Bird brains are far from stupid. Feathered geniuses continue to surprise science
Aug 12 , 2021
That some birds seem “clever” has been noted for many years – talking parrots, tool-wielding crows, memory-storming jays. But what does clever mean? How can we apply what we understand as “brainy” to a bird? Let’s take a look into the avian mind.
“But who deems which knowledge, which skills?”
Einstein is considered to be one of the smartest people to have ever lived, yet he was not very good at school, suffering from speech problems from a young age. Seeing little potential in him, his professors declined references for employment. Struggling to find work as a result, he eventually got a job as an office clerk in Switzerland. This turned out to be perfect, as he could do the job quickly, and spend the rest of his time researching physics, his core passion. Maybe somewhat too modestly, Albert himself didn’t attribute his stunning insight into this field as “intelligence”, but simply perseverance – “Genius is 1% talent, 99% hard work”.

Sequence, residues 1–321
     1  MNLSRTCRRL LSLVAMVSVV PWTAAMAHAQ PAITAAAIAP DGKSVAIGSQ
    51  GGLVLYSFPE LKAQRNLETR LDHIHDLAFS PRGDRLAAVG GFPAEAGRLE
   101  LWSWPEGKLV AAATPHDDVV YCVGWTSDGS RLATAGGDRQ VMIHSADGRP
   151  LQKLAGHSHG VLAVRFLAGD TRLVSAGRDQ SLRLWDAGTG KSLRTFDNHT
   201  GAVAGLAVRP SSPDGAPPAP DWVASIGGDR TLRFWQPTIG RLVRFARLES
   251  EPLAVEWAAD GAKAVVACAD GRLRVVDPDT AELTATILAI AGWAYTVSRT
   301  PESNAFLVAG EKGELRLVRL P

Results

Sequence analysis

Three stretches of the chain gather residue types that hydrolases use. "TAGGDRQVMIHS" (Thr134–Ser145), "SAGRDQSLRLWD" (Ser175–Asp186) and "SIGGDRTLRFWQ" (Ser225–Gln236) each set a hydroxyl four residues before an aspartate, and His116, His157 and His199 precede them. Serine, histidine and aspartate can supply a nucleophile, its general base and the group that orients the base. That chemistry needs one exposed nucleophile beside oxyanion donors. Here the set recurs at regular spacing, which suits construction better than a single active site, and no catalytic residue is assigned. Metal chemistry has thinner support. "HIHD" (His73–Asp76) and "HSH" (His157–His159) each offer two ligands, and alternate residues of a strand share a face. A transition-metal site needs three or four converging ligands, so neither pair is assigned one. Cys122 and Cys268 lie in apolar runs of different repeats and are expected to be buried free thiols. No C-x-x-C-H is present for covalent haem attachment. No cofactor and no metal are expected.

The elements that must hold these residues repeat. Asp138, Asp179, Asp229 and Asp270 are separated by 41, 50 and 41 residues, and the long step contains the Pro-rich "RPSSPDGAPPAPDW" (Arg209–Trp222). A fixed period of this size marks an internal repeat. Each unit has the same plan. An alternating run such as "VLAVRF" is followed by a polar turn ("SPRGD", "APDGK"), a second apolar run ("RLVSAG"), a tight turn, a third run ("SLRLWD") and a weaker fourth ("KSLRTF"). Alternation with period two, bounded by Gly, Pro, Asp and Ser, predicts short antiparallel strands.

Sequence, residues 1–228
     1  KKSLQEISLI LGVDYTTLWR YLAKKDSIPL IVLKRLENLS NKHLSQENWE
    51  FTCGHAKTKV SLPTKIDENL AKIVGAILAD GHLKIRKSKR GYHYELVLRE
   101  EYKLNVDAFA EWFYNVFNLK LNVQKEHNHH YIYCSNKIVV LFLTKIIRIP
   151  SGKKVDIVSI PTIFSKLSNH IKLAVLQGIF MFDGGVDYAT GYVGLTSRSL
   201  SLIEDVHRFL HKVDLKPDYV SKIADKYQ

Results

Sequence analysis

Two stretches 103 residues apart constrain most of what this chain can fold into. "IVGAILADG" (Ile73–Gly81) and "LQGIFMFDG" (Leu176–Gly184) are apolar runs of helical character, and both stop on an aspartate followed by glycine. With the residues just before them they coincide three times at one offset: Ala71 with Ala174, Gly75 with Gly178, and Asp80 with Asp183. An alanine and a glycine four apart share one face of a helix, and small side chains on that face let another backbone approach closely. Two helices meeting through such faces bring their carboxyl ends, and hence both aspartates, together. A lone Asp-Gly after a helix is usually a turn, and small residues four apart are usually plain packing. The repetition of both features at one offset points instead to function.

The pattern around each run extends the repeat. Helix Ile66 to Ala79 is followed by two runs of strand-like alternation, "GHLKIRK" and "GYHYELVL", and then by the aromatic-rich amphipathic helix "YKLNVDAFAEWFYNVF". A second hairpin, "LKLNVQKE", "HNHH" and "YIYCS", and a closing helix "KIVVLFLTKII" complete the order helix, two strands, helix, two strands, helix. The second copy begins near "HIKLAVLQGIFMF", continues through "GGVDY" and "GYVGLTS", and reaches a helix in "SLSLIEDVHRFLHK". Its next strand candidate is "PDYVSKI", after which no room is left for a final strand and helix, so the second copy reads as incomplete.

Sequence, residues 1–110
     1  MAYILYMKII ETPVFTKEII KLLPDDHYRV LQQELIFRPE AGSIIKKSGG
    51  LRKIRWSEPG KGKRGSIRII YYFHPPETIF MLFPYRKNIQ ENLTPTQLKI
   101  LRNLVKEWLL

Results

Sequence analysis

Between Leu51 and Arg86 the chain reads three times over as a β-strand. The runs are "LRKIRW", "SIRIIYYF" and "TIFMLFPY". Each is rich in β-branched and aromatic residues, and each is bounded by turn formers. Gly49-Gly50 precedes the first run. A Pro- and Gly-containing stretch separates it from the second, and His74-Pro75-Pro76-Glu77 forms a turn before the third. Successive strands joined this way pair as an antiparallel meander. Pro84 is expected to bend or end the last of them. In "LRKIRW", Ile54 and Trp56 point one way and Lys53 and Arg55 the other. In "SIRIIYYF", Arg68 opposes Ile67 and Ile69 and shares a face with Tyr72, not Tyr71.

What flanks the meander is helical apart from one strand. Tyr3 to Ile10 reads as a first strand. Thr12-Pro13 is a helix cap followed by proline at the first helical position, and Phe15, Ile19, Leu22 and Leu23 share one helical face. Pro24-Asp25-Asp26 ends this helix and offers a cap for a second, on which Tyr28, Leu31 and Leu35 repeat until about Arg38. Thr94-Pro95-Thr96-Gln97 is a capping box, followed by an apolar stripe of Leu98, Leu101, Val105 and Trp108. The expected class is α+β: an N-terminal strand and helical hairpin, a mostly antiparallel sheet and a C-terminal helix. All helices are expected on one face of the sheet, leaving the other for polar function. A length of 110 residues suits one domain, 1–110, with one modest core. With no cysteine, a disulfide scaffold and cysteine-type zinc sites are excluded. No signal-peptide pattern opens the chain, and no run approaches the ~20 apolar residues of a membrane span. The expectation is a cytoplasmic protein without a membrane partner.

To determine the intelligence of someone or something requires the understanding of what intelligence actually is. Dictionary attempts offer the somewhat dismissive sentence “the ability to acquire and apply knowledge and skills”. But who deems which knowledge, which skills? Say there’s a boy who can’t perform simple arithmetic, or write a letter; is he stupid? He can, however, whittle a fully functional gearbox and drive shaft for a go-kart from a fallen tree; is he clever?
The definition of intelligence has been hotly debated over the years by many people; from a fifteen-page thesis to a terse handful of words: “the capacity to acquire capacity”, or the circular “intelligence is what is measured by intelligence tests”. Robert J. Sternberg, a leading light in this field of understanding, once uttered the aside, “there seem to be almost as many definitions of intelligence as there are experts asked to define it”.